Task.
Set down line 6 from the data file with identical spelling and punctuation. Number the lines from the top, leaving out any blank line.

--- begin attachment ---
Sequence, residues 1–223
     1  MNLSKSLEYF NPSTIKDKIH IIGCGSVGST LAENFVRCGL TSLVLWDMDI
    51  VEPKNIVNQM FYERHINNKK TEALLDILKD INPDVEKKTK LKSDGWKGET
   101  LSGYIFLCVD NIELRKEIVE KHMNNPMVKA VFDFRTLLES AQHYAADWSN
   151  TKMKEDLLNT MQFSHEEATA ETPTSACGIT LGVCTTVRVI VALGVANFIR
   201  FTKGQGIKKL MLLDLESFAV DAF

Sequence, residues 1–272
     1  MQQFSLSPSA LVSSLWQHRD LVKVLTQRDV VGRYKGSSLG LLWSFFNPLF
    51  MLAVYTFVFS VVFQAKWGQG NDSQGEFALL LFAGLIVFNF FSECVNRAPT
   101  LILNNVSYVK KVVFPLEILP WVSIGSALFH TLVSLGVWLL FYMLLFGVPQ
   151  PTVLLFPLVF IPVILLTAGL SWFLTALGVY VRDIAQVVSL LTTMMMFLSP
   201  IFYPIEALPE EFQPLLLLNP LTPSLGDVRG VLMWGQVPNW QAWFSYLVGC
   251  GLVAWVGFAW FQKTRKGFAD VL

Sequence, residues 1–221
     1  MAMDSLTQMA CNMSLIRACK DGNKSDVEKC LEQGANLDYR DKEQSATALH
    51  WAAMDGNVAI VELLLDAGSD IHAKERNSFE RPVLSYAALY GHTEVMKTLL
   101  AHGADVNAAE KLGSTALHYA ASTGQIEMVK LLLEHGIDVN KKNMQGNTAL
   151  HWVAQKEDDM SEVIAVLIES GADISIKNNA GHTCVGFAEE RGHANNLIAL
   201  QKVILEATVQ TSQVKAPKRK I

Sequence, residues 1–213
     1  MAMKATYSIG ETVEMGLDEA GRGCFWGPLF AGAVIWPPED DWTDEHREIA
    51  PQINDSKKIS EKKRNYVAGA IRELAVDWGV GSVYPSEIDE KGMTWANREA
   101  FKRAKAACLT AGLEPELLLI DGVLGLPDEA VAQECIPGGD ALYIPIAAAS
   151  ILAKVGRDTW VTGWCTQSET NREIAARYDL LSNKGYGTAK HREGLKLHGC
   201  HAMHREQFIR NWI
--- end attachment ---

   201  FTKGQGIKKL MLLDLESFAV DAF